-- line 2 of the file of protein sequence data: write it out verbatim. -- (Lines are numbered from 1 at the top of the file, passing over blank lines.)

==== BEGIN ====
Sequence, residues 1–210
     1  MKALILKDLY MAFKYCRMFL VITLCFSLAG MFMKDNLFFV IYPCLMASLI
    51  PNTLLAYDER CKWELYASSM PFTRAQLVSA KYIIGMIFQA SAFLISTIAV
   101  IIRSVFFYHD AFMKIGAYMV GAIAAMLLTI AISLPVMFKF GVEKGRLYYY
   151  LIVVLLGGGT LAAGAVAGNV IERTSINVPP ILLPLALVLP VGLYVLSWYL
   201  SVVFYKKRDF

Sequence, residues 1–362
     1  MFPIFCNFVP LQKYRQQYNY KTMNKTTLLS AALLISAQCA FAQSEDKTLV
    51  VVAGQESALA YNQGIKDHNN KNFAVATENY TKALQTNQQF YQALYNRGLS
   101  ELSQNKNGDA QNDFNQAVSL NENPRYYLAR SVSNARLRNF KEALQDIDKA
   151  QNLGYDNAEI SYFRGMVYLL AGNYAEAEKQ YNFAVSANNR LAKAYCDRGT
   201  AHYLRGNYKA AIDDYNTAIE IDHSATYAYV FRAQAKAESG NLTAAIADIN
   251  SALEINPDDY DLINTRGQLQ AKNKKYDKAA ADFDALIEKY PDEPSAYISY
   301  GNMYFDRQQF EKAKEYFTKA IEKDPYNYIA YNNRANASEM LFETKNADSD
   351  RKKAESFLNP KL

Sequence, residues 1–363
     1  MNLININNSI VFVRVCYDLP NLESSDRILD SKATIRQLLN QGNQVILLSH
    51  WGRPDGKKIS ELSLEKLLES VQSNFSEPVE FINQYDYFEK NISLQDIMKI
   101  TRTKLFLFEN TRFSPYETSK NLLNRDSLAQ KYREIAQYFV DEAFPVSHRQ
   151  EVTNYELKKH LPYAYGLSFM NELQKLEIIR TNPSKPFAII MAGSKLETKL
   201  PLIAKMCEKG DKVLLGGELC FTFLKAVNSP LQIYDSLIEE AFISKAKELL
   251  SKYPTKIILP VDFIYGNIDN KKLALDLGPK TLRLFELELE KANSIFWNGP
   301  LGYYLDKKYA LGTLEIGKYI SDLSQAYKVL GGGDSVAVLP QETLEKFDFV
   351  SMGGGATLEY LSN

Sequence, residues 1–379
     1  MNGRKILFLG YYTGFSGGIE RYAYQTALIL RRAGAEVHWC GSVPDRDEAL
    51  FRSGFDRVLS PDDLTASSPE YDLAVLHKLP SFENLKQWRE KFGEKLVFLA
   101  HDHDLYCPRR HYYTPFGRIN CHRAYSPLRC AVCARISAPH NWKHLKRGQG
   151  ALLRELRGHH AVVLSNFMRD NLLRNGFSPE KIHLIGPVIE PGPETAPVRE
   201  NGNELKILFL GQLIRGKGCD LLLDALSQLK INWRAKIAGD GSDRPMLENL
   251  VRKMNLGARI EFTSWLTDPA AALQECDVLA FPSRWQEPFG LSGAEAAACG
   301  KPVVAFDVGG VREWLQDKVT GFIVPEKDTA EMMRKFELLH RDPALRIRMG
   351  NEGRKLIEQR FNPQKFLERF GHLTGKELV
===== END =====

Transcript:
     1  MKALILKDLY MAFKYCRMFL VITLCFSLAG MFMKDNLFFV IYPCLMASLI